Indirect effects of the COVID-19 pandemic coincide with a heavy mental health burden
People in countries with low rates of infection and fatalities still experience twice as much depression and anxiety. These outcomes are largely related to financial stress and disruptions to people’s social lives.
Rising stress, depression in US linked to pandemic-related losses, media consumption
New research highlights the connection between mental health and exposure to media coverage of the COVID-19 pandemic, suggesting the need to step away from the television, computer or smartphone to protect psychological well-being.
Stress, insomnia, and the immune system
Scientists have pinpointed the circuit in the brain that is responsible for sleepless nights in times of stress—and it turns out that circuit does more than make you toss and turn.
Researchers call for new approach to some mental disorders
Depression, anxiety and post-traumatic stress disorder may be primarily responses to adversity; therefore, only treating the “psychic pain” of these issues with drugs will not solve the underlying problem.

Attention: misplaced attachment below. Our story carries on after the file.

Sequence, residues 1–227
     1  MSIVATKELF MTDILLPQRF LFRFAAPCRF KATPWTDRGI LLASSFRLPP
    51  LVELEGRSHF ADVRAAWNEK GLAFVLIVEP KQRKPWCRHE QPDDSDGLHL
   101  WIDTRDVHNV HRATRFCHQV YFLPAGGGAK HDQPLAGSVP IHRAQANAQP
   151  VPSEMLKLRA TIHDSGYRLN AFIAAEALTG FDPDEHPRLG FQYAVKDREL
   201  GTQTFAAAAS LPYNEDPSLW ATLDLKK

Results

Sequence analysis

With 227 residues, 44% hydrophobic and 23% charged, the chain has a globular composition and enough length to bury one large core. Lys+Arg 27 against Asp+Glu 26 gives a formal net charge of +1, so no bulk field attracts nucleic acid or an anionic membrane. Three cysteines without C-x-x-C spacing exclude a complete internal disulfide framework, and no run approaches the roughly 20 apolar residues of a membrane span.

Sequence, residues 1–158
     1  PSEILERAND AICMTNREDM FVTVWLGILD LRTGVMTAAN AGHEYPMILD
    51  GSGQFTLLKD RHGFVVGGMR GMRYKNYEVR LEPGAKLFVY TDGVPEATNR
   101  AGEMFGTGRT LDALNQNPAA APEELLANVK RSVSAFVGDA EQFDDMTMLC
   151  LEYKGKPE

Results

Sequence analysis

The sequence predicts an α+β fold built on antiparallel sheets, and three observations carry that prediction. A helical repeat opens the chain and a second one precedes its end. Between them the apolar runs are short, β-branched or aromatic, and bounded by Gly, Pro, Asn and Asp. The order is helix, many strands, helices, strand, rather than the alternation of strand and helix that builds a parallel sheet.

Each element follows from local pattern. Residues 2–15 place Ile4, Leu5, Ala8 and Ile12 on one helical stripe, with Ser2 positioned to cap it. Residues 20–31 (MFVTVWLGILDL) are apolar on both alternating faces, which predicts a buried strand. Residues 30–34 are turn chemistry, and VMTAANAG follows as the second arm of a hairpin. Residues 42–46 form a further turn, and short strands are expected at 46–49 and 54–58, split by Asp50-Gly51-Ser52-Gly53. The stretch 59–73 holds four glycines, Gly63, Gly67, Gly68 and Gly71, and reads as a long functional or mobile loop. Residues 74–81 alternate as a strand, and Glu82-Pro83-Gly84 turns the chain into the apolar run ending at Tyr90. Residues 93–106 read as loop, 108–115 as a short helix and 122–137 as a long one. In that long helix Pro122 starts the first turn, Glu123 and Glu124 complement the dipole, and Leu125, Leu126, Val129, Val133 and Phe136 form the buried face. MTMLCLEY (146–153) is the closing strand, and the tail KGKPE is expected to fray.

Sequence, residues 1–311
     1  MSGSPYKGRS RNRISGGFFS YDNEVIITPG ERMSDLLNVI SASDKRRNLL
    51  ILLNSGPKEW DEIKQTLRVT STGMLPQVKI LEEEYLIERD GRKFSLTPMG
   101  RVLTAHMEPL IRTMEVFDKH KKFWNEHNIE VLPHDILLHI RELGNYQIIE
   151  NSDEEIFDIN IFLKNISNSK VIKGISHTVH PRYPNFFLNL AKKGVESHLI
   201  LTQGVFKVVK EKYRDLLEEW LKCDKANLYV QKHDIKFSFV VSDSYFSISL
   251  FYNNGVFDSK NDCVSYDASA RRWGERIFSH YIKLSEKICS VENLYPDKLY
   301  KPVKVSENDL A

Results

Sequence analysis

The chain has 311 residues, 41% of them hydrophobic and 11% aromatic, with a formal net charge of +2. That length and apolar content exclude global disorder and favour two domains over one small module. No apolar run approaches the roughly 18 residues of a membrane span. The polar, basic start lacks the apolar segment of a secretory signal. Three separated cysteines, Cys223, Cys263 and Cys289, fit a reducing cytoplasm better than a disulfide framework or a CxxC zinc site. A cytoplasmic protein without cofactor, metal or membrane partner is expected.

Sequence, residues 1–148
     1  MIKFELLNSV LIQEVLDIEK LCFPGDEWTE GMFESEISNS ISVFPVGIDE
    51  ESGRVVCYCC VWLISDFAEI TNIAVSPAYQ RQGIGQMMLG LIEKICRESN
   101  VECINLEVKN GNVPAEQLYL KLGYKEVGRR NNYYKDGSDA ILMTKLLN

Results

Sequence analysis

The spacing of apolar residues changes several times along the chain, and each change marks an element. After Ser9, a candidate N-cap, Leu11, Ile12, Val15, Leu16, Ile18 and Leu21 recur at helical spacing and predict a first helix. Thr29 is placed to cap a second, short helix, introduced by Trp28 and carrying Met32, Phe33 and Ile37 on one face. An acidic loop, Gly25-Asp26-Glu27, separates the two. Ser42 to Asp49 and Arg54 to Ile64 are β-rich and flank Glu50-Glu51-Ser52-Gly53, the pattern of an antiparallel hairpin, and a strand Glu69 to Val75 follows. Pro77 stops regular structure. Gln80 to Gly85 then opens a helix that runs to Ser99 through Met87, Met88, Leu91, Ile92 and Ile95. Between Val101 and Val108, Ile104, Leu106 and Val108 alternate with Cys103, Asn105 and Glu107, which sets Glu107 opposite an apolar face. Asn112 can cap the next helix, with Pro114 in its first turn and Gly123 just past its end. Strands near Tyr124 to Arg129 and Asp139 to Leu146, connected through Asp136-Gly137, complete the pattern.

New and diverse experiences linked to enhanced happiness
When people had more variability in their physical location—visiting more locations in a day and spending proportionately equitable time across these locations—they reported feeling more positive.
Is your job killing you? Stress, lack of autonomy, ability can lead to depression, death
Job control (autonomy) and cognitive ability act as resources that help people cope with work stressors.
Is burnout just a form of depression?
A significant study finds there is substantial overlap between both workplace and personal factors that contribute to an increase in both depressive symptoms and burnout.
Can't buy me love - or friendship
When people’s self-worth is contingent on money, they view their financial success as being tied to the core of who they are as a person. But much of what’s required to achieve success in the financial domain comes at the expense of spending time with family and friends.
Lessons from the Spanish flu: Early restrictions lowered disease, mortality rates
Not everyone in 1918 and 1919 thought the strict measures were appropriate or effective at the time, but cities that adopted early, broad isolation and prevention measures had lower disease and mortality rates. However, the biggest danger in the current epidemic is loneliness brought on by enforced isolation.
"Feeling obligated" can impact relationships during social distancing
In a time where many are practicing ‘social distancing’ from the outside world, people are relying on their immediate social circles more than usual. Does a sense of obligation—from checking on parents to running an errand for an elderly neighbor—benefit or harm a relationship?
High rate of suicidal ideation in children
With 8% of US children aged 9-10 reporting suicidal ideation, greater effort is needed to protect children from early life adverse experiences.
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